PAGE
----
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spection of God. By divine power the creatures were brought to Noah, and the fierce dispositions of the wild kind overruled and mollified, that they might live quietly and peaceably with one another, and with those of the tame sort, for the time appointed. Otherwise, instead of asking how they were taken care of and fed in the ark, it should first have been asked how they came into it, or stayed a single moment in it, before the flood began.-When "the wolf thus dwelt with "the lamb, the lion might eat hay like the ox." We should not recur to miracles upon every occasion; but if the event under consideration took place at all, it must, from the very nature of it, have been miraculous, and out of the common course, as it is said to have been. Some means of preserving the fish might therefore be provided by their Maker, notwithstanding the dilemma to which the learned and respectable writer above mentioned hath reduced us: "The water at the
deluge," says he, was either fresh, or salt: now "the sea-fish could not have lived in the for"mer, nor the river-fish in the latter."-Close and clever!
Page 9. It is argued in the eighth section, that according to the laws of reflection and refraction, established in the system of nature, the phenomenon of the rainbow must have been produced, as at present, in certain circumstances, from the beginning of the world; and therefore could not have been first set in the cloud, as a token of God's covenant with man, after the flood.
But do the words necessarily imply, that the rainbow had never appeared before? Rather, perhaps, the contrary. The following paraphrase of the passage is submitted, as a just and natural one. "When, "in the common course of things, I bring a cloud over the earth, under certain circumstances, I do "set my bow in it. bow in it. That bow shall be from hence"forth a token of the covenant I now make with you to drown the earth no more by a flood. Look upon it, and remember this covenant. As cer"tainly as the bow is formed, by the operation of
physical causes, in the cloud, and as long as it con"tinues to be thus formed, so certainly and so long "shall my covenant endure, standing fast for ever" more, as this faithful witness in heaven." Jacob, we are told", "took a stone, and set it up for a "pillar, and said, This pillar be witness." God, in like manner (if we may so express it), "took the rain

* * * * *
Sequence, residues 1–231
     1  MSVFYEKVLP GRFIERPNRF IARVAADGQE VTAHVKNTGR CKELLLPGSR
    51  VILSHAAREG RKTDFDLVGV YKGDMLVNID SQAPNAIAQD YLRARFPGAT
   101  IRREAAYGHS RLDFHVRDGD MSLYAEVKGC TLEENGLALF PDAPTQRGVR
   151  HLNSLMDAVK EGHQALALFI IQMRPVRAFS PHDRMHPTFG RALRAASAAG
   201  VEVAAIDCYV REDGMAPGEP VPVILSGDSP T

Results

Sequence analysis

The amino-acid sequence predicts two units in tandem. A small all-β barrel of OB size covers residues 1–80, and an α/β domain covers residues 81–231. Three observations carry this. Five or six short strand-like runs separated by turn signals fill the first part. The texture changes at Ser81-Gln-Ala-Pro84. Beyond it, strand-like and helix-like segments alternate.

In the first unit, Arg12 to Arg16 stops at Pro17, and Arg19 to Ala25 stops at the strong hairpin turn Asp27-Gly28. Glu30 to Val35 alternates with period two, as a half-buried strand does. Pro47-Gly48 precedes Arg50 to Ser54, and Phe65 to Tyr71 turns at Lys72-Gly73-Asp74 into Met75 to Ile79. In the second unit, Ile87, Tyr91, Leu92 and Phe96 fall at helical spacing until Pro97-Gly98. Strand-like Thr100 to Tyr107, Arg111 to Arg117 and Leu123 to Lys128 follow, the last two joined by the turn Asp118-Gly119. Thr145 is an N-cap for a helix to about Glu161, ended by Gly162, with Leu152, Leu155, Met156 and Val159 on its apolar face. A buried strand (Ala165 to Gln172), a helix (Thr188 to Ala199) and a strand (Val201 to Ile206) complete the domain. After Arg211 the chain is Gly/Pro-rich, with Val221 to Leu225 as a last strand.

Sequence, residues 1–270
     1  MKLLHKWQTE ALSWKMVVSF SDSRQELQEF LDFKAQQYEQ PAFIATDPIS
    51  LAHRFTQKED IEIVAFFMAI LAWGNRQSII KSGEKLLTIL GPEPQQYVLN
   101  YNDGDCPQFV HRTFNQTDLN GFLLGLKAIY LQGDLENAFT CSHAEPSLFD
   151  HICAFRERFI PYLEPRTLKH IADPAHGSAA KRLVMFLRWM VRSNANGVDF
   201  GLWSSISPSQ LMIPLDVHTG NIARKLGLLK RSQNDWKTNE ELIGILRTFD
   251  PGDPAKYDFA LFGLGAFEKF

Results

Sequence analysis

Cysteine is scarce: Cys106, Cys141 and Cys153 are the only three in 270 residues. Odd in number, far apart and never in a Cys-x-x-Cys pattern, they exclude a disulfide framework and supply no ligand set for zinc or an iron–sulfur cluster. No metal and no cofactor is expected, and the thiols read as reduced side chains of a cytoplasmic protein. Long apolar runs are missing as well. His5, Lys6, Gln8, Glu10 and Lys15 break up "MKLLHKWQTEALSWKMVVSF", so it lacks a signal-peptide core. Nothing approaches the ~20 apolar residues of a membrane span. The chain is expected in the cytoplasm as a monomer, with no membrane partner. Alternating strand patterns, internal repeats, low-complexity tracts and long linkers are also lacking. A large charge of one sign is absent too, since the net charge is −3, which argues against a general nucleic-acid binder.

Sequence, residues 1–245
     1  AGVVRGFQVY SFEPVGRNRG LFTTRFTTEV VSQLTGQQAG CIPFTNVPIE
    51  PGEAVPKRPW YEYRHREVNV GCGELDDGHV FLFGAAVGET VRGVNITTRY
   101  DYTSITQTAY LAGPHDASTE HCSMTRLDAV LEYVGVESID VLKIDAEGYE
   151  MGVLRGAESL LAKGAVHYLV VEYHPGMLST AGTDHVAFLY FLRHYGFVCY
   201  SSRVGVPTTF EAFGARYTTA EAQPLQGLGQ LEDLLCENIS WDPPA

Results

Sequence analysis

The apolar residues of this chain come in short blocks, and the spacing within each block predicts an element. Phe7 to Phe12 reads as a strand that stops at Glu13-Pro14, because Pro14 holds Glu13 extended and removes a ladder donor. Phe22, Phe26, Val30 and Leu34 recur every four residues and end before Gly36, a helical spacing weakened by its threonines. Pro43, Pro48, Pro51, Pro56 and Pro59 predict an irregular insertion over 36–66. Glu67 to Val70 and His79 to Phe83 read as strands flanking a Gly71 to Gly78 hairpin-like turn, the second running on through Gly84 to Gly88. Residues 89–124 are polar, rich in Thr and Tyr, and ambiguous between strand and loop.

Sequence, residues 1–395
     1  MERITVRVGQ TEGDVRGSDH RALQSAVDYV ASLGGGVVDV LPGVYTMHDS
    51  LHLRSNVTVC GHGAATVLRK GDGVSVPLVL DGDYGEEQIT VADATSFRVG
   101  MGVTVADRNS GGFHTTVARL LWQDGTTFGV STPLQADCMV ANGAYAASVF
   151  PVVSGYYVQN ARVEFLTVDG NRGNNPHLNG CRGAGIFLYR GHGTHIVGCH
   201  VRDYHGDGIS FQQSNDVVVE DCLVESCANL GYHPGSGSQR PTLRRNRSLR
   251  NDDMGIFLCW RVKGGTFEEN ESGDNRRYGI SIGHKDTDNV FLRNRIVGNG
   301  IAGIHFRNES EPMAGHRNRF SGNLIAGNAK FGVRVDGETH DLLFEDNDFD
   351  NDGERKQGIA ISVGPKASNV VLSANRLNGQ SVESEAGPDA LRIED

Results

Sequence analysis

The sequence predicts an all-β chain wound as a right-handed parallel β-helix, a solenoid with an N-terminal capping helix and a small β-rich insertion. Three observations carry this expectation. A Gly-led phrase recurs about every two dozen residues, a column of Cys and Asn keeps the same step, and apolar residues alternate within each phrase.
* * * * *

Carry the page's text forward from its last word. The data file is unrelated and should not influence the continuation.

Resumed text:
bow, and said, This bow be witness." Neither the stone nor the rainbow were new created for the purpose. When the Jews behold the rainbow, they bless God, who remembers his covenant, and is faithful to his promise. And the tradition of this its designation to proclaim comfort to mankind was strong among the heathen; for according to the mythology of the Greeks, the rainbow was the daughter of Wonder, "a sign to mortal men "," and regarded, upon its appearance, as the messenger of the celestial deities. Can we any where find a more striking in
stance of the sublime, than in the following short description of it? "Look upon the rainbow, and
praise him who made it: very beautiful it is in the
brightness thereof: it compasseth the heaven "about with a glorious circle; and the hands of the "Most High have bended it!"
PAGE 10. "What answer shall we give to those "who are inclined to deny, that an all-powerful and
just God could make use of the most unjustifiable " means to attain his great purpose of aggrandizing "the posterity of Abraham ?"
The answer, without doubt, must be, either that the means in question (all circumstances duly known and considered) were not unjustifiable; or, that they were used by man, and only permitted by God. For men often make use of means to attain their own purposes, by which they unwittingly become the instruments of carrying into execution the counsels of God; yet are they not hereby justified in the use of such means. All the actions of holy men of old, related in Scripture, are not to be deemed blameless, because related in Scripture, or because related of them; though there may often have been circumstances, imperfectly known at this distance of time, which rendered them less blameable than they now appear to be; and therefore they are not to be judged of without great caution and circumspection. These, perhaps, are in no instances more necessary, for that reason, to be observed, than in reviewing those parts of sacred story, which
relate to the birthright and blessing of the ancient patriarchs.
Ibid. "Could this benevolent and just Being approve of the ungenerous advantage which Jacob "took over his faint and hungry brother?"
That the crime of Esau, in being so ready to part with his birthright, was of a more atrocious nature than at first sight it may seem to have been, is evident from the remark subjoined in the narrative; "thus Esau despised his birthright;" as also from his being stigmatized by St. Paul with an epithet denoting profaneness and impiety, qualities which were therefore manifested in the act of lightly and wantonly parting with the birthright, and those high and heavenly privileges annexed to it-I say, lightly and wantonly; because, though he returned faint and hungry from the field, there could be no danger of his starving in his father's house. He parted with it, as men often do now, for the sake of gratifying a liquorish appetite towards that which was his brother's, "for one morsel of meat," one particular dish, which he vehemently affected. There was no reason why a privilege thus rejected should be again conferred. Like the Jews, in an instance somewhat similar, he "judged himself unworthy." He cast it from him, and it became another's. regard to the part borne by Jacob, in buying what Esau was thus ready to sell, there seems no necessity for pronouncing him faultless. The fact is related, like many others, without approbation or censure; and the designs of God were accomplished by the